Make Sure You Over-Deliver
Make Sure You Over-Deliver expands the phrase that Tom Peters coined in 1998 for conventional businesses to ebusinesses. The article presents simple easy concepts to develop for your own business.
internet marketing, over-deliver, ebusiness solutions, work at home, Tom Peters, email marketing
So, you want a profitable on-line business. With just under 30,000,000 web sites on internet marketing newsletters alone, where on earth do you start? I wanted a mentor that does exactly what I plan to do with my business. What would that be? I wanted a mentor that does virtually what I have done off-line for years. I want a mentor who over-delivers.
As a savvy marketer, you already know that repeat customers are the mainstay of your business. A quality internet marketer also recognizes happy customers as his/her best source of viral marketing (described in this fantastic ebook I found). So what does this have to do with over-delivering. To quote Leon Leonwood Bean, founder of L.L. Bean in Freeport, Maine Make sure the story isnt better than the store. Keep em Happy!
What exactly is over-delivering? First, you under-promise. Ensure that you tell your customer the truth and are conservative in your estimate of what they will be receiving and what its benefits are. Make your commitments with clarity, simplicity, and restraint. Don’t burden the relationship with promises; instead grace it with extras that you can give effortlessly when the time is right. Next, work hard to deliver something better than what you have promised. Finally, deliver more than you have promised of a quality far superior to what your customer is expecting.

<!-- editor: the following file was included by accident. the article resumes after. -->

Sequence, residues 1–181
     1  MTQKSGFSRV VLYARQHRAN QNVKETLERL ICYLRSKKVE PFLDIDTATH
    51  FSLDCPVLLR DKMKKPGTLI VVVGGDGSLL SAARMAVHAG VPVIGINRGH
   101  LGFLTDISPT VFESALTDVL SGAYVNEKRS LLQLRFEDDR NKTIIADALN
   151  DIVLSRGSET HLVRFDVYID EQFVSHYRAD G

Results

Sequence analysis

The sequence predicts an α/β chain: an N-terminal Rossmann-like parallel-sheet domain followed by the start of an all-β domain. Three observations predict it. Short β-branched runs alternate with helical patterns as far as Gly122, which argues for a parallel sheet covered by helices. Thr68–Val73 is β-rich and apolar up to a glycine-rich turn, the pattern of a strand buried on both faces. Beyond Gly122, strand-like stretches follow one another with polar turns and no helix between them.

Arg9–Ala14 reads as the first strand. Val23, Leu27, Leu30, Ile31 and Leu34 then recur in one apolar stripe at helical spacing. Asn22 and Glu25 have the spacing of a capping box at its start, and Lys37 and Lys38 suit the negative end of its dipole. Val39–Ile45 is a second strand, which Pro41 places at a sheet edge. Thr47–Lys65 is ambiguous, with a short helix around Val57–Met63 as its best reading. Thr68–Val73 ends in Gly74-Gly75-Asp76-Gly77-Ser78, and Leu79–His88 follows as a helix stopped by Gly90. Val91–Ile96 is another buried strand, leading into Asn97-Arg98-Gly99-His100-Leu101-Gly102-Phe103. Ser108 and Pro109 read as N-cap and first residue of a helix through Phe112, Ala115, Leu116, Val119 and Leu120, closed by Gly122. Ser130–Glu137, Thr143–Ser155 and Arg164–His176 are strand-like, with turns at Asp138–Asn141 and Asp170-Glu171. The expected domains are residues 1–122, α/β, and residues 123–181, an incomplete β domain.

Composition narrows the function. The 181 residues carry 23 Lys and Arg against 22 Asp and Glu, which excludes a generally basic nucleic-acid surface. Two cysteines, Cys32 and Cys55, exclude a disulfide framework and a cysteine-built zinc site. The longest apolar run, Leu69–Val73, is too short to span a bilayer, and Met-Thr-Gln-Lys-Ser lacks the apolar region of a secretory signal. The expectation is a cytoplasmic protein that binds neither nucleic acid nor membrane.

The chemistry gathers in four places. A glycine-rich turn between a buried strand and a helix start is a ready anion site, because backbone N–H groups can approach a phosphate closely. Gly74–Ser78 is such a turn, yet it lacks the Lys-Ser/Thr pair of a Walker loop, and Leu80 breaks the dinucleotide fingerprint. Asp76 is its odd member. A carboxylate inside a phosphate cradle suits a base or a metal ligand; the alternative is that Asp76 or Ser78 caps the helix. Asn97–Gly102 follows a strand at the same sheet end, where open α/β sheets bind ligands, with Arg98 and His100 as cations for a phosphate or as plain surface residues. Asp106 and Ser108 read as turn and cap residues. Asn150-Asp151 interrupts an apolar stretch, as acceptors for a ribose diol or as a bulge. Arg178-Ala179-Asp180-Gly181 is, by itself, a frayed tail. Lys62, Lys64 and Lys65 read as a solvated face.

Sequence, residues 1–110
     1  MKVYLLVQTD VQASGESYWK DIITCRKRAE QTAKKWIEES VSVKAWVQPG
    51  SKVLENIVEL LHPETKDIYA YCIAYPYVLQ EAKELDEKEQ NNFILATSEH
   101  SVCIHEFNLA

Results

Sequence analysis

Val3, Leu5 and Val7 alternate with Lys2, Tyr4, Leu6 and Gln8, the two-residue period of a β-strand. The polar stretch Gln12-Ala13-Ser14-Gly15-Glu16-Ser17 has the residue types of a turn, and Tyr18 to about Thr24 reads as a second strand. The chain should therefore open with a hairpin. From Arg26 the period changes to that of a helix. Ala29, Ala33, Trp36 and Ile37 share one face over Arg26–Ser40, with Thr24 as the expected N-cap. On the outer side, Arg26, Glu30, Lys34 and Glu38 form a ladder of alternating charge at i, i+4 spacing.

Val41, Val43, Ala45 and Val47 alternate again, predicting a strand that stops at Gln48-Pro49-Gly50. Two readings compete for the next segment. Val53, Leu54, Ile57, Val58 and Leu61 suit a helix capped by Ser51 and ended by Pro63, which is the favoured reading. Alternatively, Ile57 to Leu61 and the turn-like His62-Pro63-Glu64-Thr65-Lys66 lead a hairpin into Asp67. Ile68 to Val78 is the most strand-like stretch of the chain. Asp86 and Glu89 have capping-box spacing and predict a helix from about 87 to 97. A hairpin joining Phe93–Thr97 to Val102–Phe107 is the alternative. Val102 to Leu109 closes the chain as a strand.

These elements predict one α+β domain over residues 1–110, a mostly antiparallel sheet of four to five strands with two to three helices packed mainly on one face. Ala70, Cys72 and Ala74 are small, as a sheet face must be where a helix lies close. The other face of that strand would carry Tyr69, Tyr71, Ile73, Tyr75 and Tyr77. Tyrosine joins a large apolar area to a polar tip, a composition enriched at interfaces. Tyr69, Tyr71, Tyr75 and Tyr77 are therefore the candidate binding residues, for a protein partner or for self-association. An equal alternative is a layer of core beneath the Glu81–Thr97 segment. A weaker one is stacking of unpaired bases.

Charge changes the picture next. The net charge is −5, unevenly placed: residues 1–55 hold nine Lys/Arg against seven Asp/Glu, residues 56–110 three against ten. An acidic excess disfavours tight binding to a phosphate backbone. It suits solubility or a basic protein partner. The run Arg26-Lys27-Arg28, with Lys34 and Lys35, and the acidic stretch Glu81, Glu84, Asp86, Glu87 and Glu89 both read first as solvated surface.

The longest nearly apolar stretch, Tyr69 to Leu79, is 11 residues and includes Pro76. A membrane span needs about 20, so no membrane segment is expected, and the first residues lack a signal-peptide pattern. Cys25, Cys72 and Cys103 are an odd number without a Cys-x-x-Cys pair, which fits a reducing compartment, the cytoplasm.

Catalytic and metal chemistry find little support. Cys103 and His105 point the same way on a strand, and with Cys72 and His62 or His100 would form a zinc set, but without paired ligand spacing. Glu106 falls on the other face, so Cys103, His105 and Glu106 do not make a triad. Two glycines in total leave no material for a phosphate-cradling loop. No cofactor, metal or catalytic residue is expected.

As taught in this wonderful e-book I just received, you have structured your customer base so that they can be contacted often. Now, lets over-deliver. Because your customer has just received a top quality product and maybe one or two bonuses from you as downloads, why not send another unexpected bonus later… in an email. Just send a download link to a really valuable, related bonus in an email a few days later. You can do this several times over a period of weeks or months. In each email, thank your customer of his purchase and point out that this is an additional bonus as a token of gratitude for his business. This is a very simple method of building customer satisfaction and goodwill. By spreading the unexpected bonuses out, you give the customer time to “dig into” the bonuses. If you send all of the bonuses at once, the customer may just download them on his hard drive and never look at them, at all. Not a good way to get your information out there.
Another method that can be used with bonuses sent after the sale is to point out in each email that another bonus will arrive in a few days/weeks. Your new customer begins expecting your emails, and is much less likely to ask for a refund. They know that if the order is canceled there will be no other bonuses.